How to conduct a LiDAR survey

Conducting a LiDAR survey is both easy and fast: 

Choose the mobile scanner you’d like to use for your project. The LiDAR works by pointing a laser at a target surface.

The surface reflects the light back to the LiDAR equipment, and the sensor records the reflected light to measure the distance travelled.

LiDAR-scanner-complete-environment-landscape-and-buildings

This data is then combined with the position and orientation of the LiDAR equipment, which is measured using the GPS receiver and internal measurement systems. 

This creates a set of three-dimensional spatial coordinates that include latitude, longitude and height, creating a combination of data that is called a point.

When land surveying, the LiDAR equipment collects innumerable points using the measurement methods described above.

You now have your point cloud.

Figure 1. Ground floor pointcloud of the test area.

LiDAR Data

LiDAR data attributes can vary, depending upon how the data was collected and processed. You can determine what attributes are available for each LiDAR point by looking at the metadata. All LiDAR data points will have an associated X,Y location and Z (elevation) values.

Most LiDAR data points will have an intensity value, representing the amount of light energy recorded by the sensor.

The real value comes from turning raw data and LiDAR survey data into actionable information. Including being able to georeference your point cloud. With modern software, data that’s been collected can be extracted from most scanner units by either connecting the device to a PC or downloading the data to a USB memory stick. This LiDAR scan data can then be calibrated allowing analysis and modelling. Moreover, LiDAR data processing is very fast. Raw data requires just a few minutes of calibration (5-30min) to generate the final product.

LiDAR Accuracy

Depending on the environment in which the scan is conducted and the specifics of the 3D laser scanner, an accuracy of 0.002-0.197” may be achieved. This high level of accuracy helps ensure that measurements are correct the first time so that less work is needed to complete subsequent steps in design and production. Additionally, LiDAR takes the human element out of the process making the data even more accurate.

Learn about the accuracy of GeoSLAM’s handheld laser scanners here.

LiDAR Cost

When we look at the overall cost of LiDAR surveys, there are multiple cost items to be considered. First of all, the hardware: UAV LiDAR sensor sets (scanner, IMU, and GNSS) cost anywhere between tens to hundreds of thousands. How much does a drone LiDAR survey cost? It generally turns out to be about £3,000 per km2 for each of the survey grids. On the other hand, for example, GeoSLAM’s ZEB Go mobile laser scanner costs around £22,000. Furthermore, GeoSLAM ZEB products come with a software package and local storage, with no hefty storage or subscriptions costs, making it the most cost effective SLAM system available today.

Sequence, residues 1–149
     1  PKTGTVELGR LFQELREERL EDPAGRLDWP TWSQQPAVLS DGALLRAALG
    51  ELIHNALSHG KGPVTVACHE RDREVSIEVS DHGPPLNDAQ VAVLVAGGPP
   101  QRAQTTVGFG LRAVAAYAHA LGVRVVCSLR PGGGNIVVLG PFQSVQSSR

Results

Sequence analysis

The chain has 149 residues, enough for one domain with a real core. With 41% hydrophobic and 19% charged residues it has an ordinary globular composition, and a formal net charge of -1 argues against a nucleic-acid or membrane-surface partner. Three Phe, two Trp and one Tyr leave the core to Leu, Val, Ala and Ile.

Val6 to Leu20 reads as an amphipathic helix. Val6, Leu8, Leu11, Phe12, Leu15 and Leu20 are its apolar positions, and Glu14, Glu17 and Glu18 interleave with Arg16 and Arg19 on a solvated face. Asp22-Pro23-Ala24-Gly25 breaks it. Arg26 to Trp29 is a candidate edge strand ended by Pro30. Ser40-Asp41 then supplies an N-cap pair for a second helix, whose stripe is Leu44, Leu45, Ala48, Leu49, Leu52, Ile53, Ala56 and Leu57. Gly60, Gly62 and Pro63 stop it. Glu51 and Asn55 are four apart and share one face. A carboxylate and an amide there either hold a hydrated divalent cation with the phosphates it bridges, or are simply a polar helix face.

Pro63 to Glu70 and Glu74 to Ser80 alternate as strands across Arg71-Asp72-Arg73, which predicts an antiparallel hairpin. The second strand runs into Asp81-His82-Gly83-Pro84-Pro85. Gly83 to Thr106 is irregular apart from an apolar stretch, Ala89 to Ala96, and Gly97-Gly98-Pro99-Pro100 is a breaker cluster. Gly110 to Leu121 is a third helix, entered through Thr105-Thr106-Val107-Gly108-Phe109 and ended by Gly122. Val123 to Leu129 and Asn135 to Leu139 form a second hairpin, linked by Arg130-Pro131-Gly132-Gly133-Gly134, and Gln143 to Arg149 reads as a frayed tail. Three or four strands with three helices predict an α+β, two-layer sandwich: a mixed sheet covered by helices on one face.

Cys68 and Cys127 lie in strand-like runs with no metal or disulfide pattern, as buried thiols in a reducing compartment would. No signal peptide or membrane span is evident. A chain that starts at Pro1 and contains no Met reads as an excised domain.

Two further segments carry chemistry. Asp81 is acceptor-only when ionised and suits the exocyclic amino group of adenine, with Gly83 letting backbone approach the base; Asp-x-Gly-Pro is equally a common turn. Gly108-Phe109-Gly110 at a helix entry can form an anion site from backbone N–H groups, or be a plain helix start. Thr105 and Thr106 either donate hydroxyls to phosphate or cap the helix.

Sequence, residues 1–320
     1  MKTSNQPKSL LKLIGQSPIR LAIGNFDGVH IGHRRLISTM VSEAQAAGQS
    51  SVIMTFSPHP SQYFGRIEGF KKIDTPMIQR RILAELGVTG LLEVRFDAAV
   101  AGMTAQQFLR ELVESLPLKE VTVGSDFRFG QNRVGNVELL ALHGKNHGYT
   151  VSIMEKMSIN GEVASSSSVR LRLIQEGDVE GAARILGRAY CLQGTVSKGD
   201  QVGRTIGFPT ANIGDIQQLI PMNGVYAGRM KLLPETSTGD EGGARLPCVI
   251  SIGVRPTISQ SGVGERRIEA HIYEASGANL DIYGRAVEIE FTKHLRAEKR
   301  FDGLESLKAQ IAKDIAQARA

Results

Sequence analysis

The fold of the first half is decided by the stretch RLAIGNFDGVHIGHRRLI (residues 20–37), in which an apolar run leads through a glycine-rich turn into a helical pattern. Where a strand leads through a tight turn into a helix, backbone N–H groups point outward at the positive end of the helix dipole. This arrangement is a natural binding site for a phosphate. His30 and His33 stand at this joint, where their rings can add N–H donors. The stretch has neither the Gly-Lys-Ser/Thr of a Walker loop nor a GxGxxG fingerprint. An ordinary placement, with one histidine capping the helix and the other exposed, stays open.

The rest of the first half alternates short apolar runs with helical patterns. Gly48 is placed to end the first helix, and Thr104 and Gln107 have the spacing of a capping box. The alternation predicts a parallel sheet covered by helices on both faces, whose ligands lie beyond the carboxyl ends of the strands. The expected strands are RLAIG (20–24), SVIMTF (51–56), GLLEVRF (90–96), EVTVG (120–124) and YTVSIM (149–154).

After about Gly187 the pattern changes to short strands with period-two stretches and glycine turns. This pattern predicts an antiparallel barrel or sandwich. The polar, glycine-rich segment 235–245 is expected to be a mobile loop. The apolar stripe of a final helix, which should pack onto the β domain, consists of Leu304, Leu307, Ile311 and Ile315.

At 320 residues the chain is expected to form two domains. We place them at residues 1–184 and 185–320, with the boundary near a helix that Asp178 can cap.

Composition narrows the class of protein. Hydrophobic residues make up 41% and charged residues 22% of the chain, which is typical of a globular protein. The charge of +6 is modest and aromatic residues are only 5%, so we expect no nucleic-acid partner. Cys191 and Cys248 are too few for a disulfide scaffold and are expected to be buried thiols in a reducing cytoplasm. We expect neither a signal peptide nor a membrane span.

LiDAR vs Traditional Surveying

We know how time-consuming it can be to set up traditional survey equipment, especially in very inaccessible environments. Fortunately, mobile laser scanners take away all this headache. You can literally create a point cloud as you ‘walk and scan’, or use remote scanning while simultaneously transmitting high-level fidelity images. 

Airborne LiDAR helps to create highly accurate digital elevation and terrain models. This makes LiDAR particularly useful for example, in measuring surveying land, tree size, flood elevations, and site distances. Also, for modelling narrow objects such as power lines or road networks and poorly visible objects. All this information is captured in mere minutes – versus weeks when compared to a traditional survey crew using GPS. That means there’s no need to visit the site more than once. In short, with LiDAR you can expect three improvements over a typical survey – faster delivery, value-added service, and a better return on investment.

LiDAR laser technology in surveying has been a game-changer for many companies around the world wanting to take advantage of its many benefits, as you can see from these success stories. And it will continue to do so as the rapid development in LiDAR hardware coupled with advanced, user-friendly software offer professionals greater opportunity to conduct highly accurate surveys faster, safer and more cost-effective. 

If you’d like to experience the time-saving power of GeoSLAM in the comfort of your own home or office, why not request a demo-in-a-box.